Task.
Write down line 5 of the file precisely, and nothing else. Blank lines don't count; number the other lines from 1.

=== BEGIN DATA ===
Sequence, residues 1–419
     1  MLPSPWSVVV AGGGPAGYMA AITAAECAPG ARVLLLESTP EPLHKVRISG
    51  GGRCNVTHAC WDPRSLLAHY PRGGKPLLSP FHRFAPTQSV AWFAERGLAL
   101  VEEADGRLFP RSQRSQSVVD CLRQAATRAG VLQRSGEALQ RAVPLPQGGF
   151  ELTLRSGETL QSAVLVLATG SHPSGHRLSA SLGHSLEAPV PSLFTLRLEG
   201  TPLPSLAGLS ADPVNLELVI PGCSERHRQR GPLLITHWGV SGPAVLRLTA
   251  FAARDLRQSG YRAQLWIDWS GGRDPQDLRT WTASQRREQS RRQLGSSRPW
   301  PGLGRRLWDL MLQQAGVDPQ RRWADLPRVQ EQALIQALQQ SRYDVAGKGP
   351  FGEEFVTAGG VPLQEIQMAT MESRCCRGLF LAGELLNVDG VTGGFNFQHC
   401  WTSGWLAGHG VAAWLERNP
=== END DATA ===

   151  ELTLRSGETL QSAVLVLATG SHPSGHRLSA SLGHSLEAPV PSLFTLRLEG